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I come across this code in jsGarden, and I cannot figure the meaning to chain call and apply together. Both will execute the function with a given context object, why it could be chained?

function Foo() {}

Foo.prototype.method = function(a, b, c) {
    console.log(this, a, b, c);

// Create an unbound version of "method" 
// It takes the parameters: this, arg1, arg2...argN
Foo.method = function() {

    // Result: Foo.prototype.method.call(this, arg1, arg2... argN)
    Function.call.apply(Foo.prototype.method, arguments);
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I'm quite sure you forgot a prototype before .call –  Bergi Jul 26 '12 at 16:50
@Bergi: Actually it makes no difference. As Function is a function, it inherits call from its own prototype. –  Ventero Jul 26 '12 at 16:53
@Ventero: Oh, right, I forgot about that... –  Bergi Jul 26 '12 at 17:00

3 Answers 3

up vote 9 down vote accepted

It's making a call to call via apply; that is, it's using call to call a function ("method"), and it's using apply to make the call because it's got the arguments in the form of an (almost) array.

So to take it apart:


That's a reference to the call() function available on all Function instances, inherited from the Function prototype.


That's a reference, via the reference to the call function, to apply. Because apply is referenced via the call object, when the call to apply is made the this value will be a reference to the call function.

Function.call.apply(Foo.prototype.method, arguments);

So we're invoking the call function via apply, and passing Foo.prototype.method to be the this value, and the arguments to "Foo.mmethod" as the arguments.

I think it's basically the same effect as this:

Foo.method = function() {
  var obj = arguments[0], args = [].slice.call(arguments, 1);
  Foo.prototype.method.apply(obj, args);

but I'll have to try it to make sure. edit Yes that seems to be it. So I can summarize the point of that trick as being a way to invoke apply() when the desired this value is the first element of the array holding the parameters. In other words, usually when you call apply() you've got the desired this object reference, and you've got the parameters (in an array). Here, however, since the idea is that you pass in the desired this as a parameter, then it needs to be separated out in order for a call to apply to be made. Personally I would do it as in my "translation" because it's a little less mind-bending (to me), but I suppose one could get used to it. Not a common situation, in my experience.

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Additionally, this enforces the usage of Function.call and Function.prototype.apply in case the provided function has had its call method overridden. –  zzzzBov Jul 26 '12 at 16:54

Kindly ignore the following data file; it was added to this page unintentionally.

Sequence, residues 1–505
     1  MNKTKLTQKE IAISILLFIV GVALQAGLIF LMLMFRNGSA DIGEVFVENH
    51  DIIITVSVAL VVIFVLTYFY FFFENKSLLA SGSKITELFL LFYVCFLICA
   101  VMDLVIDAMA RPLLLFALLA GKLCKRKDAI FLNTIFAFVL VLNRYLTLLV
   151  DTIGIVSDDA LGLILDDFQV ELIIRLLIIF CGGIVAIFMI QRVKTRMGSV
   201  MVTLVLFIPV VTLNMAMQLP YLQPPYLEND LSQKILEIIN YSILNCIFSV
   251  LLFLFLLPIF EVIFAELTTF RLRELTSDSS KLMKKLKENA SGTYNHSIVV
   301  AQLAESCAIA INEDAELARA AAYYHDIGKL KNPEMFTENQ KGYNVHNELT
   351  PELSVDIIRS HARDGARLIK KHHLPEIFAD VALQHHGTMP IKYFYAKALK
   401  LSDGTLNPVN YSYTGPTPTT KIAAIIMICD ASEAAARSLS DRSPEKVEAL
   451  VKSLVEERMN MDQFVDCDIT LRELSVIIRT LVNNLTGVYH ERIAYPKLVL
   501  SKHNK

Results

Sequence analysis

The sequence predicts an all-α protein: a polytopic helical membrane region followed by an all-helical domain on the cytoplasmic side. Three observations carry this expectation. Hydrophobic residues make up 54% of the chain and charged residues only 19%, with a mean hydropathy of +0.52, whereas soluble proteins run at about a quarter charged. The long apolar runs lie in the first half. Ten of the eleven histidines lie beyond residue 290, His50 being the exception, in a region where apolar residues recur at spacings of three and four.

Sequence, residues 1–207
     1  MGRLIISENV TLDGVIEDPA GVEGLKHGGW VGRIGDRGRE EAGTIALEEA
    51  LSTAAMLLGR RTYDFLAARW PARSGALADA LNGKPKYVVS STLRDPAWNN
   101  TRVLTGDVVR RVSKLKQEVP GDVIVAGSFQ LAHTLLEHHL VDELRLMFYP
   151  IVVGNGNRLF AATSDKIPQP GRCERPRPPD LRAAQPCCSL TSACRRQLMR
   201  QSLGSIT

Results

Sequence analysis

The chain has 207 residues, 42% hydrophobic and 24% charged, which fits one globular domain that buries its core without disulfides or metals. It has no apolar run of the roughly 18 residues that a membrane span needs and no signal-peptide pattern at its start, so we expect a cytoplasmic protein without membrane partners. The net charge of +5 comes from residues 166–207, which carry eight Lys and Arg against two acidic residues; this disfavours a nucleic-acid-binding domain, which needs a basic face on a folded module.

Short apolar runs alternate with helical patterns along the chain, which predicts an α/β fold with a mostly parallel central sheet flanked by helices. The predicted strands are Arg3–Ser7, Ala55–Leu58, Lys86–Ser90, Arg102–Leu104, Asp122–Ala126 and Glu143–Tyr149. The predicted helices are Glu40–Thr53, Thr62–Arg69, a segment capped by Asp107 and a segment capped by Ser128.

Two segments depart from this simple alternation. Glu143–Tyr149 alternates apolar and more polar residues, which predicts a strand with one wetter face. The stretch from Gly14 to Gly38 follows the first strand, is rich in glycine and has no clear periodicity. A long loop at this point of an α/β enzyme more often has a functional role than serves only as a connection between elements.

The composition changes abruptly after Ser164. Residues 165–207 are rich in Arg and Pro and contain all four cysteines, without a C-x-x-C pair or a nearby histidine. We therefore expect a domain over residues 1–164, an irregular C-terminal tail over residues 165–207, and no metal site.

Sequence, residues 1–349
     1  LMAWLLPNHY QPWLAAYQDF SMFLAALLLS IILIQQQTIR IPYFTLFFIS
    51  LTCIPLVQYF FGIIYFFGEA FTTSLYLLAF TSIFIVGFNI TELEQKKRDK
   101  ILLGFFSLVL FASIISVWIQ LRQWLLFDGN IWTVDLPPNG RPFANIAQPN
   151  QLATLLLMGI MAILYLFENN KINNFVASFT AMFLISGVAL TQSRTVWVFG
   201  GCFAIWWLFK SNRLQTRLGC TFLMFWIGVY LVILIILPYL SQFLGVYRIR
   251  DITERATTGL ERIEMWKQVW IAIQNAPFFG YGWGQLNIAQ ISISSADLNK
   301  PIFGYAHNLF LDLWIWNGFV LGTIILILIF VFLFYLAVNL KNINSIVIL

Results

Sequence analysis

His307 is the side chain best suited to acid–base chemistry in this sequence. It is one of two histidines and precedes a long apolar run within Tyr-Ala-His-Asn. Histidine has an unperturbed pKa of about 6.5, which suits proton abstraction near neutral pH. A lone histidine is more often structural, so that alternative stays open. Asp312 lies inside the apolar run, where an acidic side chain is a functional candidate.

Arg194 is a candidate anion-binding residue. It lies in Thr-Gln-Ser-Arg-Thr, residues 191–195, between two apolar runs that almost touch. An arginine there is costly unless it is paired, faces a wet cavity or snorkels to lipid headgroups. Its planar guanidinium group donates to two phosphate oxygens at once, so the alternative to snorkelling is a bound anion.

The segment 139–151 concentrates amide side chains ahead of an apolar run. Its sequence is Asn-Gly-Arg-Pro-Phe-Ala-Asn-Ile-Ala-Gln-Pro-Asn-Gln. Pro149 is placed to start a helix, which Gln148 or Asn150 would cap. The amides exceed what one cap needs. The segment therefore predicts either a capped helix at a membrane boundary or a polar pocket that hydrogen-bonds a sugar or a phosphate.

@zzzzBov yes good point; it's not clear to me whether that's an important goal. –  Pointy Jul 26 '12 at 16:56
I've never found a need to chain call() and apply() together. Can anyone suggest a practical example of where this might need to be done? –  Utkanos Jul 26 '12 at 16:56
@Utkanos I'm scratching my head trying to figure out what the point is too; I understand what's happening but I don't know why it couldn't just be Foo.prototype.method.call() after slicing off the first argument. –  Pointy Jul 26 '12 at 16:57
@Utkanos, typically this sort of obscure usage would be used by a library doing its best to enforce that the correct method be used the right way, no matter what garbage gets added in JS. –  zzzzBov Jul 26 '12 at 16:58

apply does take an array as the second argument, call takes single parameters.

 // lets take call,
 var callfn = Function.prototype.call;
 // an ordinary function from elsewhere
 var method = Foo.prototype.method;
 // and apply the arguments object on it:
 callfn.apply(method, arguments);

So, the first arguments item will be the this value of the method, and the subsequent will fill the single parameters.

The result is a static function method on the Foo constructor, that takes a Foo instance (or something similiar) as the first argument and applies the prototype method on it. A possible usecase were to define a Object.hasOwnProperty function, which is normally only available as Object.prototype.hasOwnProperty.

Ultimately, it makes the invocation of the method one "prototype" and one "call" shorter if you need to apply it on objects that a) don't inherit it or b) overwrite it.

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I think the code should be like this:

function Foo() {}

Foo.prototype.method = function(a, b, c) {
 console.log(this, a, b, c);

Foo.method = function() {

 //Notice this line:
 Function.apply.call(Foo.prototype.method, this, arguments);


Foo.method(1,2,3) => function Foo() {} 1 2 3

Other examples:

Function.apply.call(Array,this,[1,2]) => [1, 2]
Function.call.apply(Array,this,[1,2]) => [window]
Function.call.call(Array,this,[1,2])  => [[1, 2]]
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